Another doctor wants a piece of me. Just not that piece.

Woman holding cell phone, upset by text she's readingI spend a lot of time in waiting rooms, as you know, and sometimes texting is my distraction of choice. My poor Sister in Liver Disorders is often the textee because no one understands waiting better than her. She’s already heard this story. In fact, there would be no story without her.

Have you been on tenterhooks wondering what happened with Dr. Eye Surgeon last week? I ended up driving, despite my fatigue. Not one of my better decisions. As always, don’t do what I do.

The receptionist greeted me with the same medical history form that I had already forwarded to the office as requested. When I reminded her, she said: “Oh, no one input it.” Rather than responding, “Chop chop!” I returned her clipboard and started my waiting.

The technician started on all the same eye tests Dr. Eye’s assistant had completed a few months prior. The problem is not with my eye; it’s a lump on my eyelid, kids. Eventually, the reason for my visit dawned on her, so she kiboshed the rest of her usual routine and sent me out. But first she remarked, upon seeing my discoloured legs, which my shorts exposed: “Boy, I don’t know anyone who bruises worse than me.” You’d be very proud of me for looking at her quizzically rather than sharing my inside voice. She caught her own inappropriateness without my help and muttered, “I guess I shouldn’t have said that.” Trust me, I’m not competing for bruising excellence.

I was moved to wait for the doctor, who flew in and out. It was all a blur. Since he hadn’t reviewed my history, he had no idea I had leukemia. He believes my lump is simply a response to infection but because I have leukemia I get the full meal deal–removal and biopsy–which will be quick but will require a needle to my eyelid. “You won’t like that very much,” he added–why do doctors say such things?–which prompted a first-date discussion about my need for sedation. Yes, Dr. E.S. would have left in 120 seconds had I not needed another 60 to address sedation.

Somehow in that three minutes, Dr. E.S. shared that he used to drive while he was so tired that he’d fall asleep at the stoplight, only to be woken by honking cars once the light turned green. And this man will be wielding a scalpel near my eye? Oh my!

To complete my suffering, the booking assistant beckoned me after yet another wait. She opened by stating I should be grateful my surgery was scheduled within 6 weeks as the doctor had requested, and that she’d had to move two other patients to do so. I would have bowed to kiss her feet in gratitude but I was just too darn tired by then.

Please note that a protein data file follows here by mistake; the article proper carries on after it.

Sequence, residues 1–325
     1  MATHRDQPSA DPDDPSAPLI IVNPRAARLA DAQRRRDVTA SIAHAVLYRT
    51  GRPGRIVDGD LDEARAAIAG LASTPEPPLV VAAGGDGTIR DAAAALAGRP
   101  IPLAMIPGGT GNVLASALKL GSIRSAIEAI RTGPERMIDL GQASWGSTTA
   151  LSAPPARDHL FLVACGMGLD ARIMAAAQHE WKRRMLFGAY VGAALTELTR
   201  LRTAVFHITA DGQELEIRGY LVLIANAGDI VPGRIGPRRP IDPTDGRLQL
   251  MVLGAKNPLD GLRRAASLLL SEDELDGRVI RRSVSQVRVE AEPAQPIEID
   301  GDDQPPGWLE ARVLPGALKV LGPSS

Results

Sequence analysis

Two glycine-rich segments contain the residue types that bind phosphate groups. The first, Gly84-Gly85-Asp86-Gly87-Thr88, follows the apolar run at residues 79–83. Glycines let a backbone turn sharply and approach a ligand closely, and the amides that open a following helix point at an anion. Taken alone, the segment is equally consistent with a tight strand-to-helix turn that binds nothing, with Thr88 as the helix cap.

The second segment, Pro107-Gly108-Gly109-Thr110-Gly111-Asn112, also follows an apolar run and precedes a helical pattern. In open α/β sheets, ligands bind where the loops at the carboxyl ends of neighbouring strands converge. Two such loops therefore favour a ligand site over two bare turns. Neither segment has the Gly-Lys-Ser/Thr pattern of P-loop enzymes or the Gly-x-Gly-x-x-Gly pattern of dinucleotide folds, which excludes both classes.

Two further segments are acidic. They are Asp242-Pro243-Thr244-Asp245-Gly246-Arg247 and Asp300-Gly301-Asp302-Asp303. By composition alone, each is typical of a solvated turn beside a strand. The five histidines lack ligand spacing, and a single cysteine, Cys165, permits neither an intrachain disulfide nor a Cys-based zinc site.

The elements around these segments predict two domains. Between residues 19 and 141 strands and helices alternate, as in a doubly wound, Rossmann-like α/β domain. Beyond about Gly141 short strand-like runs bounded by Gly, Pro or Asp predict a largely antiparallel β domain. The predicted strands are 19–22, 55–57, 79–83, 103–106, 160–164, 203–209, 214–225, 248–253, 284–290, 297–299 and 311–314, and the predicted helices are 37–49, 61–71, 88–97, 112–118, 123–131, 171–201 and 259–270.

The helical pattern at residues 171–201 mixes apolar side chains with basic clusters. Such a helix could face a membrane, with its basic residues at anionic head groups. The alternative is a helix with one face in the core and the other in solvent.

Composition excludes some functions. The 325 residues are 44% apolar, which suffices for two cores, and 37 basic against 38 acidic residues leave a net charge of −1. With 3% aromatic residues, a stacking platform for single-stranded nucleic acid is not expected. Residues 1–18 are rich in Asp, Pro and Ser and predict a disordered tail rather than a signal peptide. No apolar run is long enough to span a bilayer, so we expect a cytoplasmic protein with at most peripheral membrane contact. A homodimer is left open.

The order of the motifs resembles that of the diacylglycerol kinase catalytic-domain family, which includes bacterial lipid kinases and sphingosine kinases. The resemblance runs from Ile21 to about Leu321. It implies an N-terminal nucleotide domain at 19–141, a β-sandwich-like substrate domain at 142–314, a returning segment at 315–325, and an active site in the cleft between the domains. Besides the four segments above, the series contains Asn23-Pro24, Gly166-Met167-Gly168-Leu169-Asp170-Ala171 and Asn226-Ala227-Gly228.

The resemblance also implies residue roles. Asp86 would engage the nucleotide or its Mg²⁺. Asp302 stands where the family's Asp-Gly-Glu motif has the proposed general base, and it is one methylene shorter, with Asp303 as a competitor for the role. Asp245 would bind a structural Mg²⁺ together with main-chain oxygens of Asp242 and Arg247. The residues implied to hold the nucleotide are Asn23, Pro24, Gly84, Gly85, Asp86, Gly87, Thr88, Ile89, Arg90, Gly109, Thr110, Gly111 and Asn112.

During my play by play to my dear Liver Sister, I texted, “I’ll have to have it out.” Since I’d omitted one essential detail, she responded, “YOUR EYE?” [Yes, the caps are hers.] Ah, the dangers of texting. I clarified that miscommunication quickly so I could drive home before I too fell asleep at the wheel. If I had, I sure wouldn’t have bragged about it.


4 thoughts on “Another doctor wants a piece of me. Just not that piece.

  1. Perhaps a new waiting room strategy could be to unleash the toddler. You can borrow K and I will pack her just enough snacks and books to last until the designated appointment time – like a ticking toddler time bomb!


    • Patti: I like this idea in theory but, as with the babka, your logic is off. K. Is one of the calmest, happiest, most unfussy babies I’ve ever met. She’d never cause the kind of chaos I’d need to push the process along more expediently. Now your lovely love sponge of a pooch may well be more effective. Could I borrow her? XO


  2. Amazing how schedules change when “c” is involved. I’m glad you get to keep YOUR EYE. Gotta love texting. And all the stories that come out of doctor visits and waiting rooms and surgeries… Thanks for sharing.


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